In partnership with Reach the World (RTW), the Fulbright U.S. Student Program is publishing a series of articles written by Fulbright English Teaching Assistants participating in Reach the World’s Traveler correspondents program, which through its interactive website, enriches the curriculum of elementary and secondary classrooms (primarily located in New York City but also nationwide) by connecting them to the experiences of volunteer Fulbright English Teaching Assistants (ETAs) and other world travelers who are currently studying and living abroad.
The end of March marked the end of my sixth month as a Fulbright grantee in Romania, which means that I still have one month left to go. The funny thing is that even though I’ve been here six months, I still feel in many ways like I’m just starting to adjust. It constantly surprises me how many new things I learn, experience or realize every day. I meet new people, hear new stories and even find new things in the grocery store!
This experience so far has been more challenging and rewarding that I ever could have imagined. My classes are nothing like I thought they would be, and a lot of that is because I learned how to adapt to the environment. I tried certain things with my students, learned what worked and what didn’t, and made changes. My teaching is still not perfect. A lot of times I expect things to go one way and then something completely different happens. I have also faced problems I never would have expected, like having issues with my health. However, having to deal with them has made me a more confident person.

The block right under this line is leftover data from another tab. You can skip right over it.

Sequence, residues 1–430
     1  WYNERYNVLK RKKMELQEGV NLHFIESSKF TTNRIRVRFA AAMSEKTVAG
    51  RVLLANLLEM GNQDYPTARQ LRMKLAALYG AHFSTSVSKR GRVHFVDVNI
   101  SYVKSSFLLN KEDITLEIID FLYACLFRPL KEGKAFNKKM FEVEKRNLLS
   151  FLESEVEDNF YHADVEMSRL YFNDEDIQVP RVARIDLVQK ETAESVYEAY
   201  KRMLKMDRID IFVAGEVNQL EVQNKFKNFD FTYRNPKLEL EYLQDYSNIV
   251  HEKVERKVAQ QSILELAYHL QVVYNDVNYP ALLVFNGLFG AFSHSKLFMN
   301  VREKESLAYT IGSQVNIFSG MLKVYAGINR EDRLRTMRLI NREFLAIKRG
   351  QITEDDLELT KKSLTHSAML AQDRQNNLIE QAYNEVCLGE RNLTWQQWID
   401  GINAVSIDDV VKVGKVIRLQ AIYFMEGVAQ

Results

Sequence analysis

Writing these posts for you all has also allowed me to have experiences I might not have had otherwise, and I am grateful for that. Whether it was taking pictures of my food (which made me feel self-conscious) or interviewing a twelve-year-old Romanian student, I have had to take steps outside of my comfort zone.
Sometimes they are small and sometimes they are larger, but each one brings me further into uncharted territory.
Even though I still a month left remaining in Romania, I already know there are things that I will miss. The biggest thing I will miss is constantly being challenged. Living in Romania means never knowing what’s going to come around the corner, and I will miss the way that my time here has pushed me outside of my comfort zone. I will also miss interacting with my students. Though I plan to keep in touch with them, I know from experience that this is always difficult to do from afar. I will also miss helping others learn about America. It has been fun representing the country I call home and helping people think about the United States in new ways.
At the same time, there are definitely things I’m looking forward to. I can’t wait to spend more time with family and friends, who I miss dearly. I look forward to eating some of my favorite foods and enjoying things that I can’t get as easily here. I especially look forward to American grocery stores, where I will always know what to find and the labels are in English! Finally, I look forward to returning to the simple pleasures of convenience in my daily life. I miss the comfort of everyday things in America very much.
Finally, I want to say mulțumesc frumos (thank you very much) to you! I hope that you have learned as much from my posts as I have learned writing them. I encourage all of you to continue learning more about other cultures and to visit other places in the future. Nothing is a substitute for experiencing it yourself, and while it may seem difficult or far-off, there are so many opportunities nowadays to travel.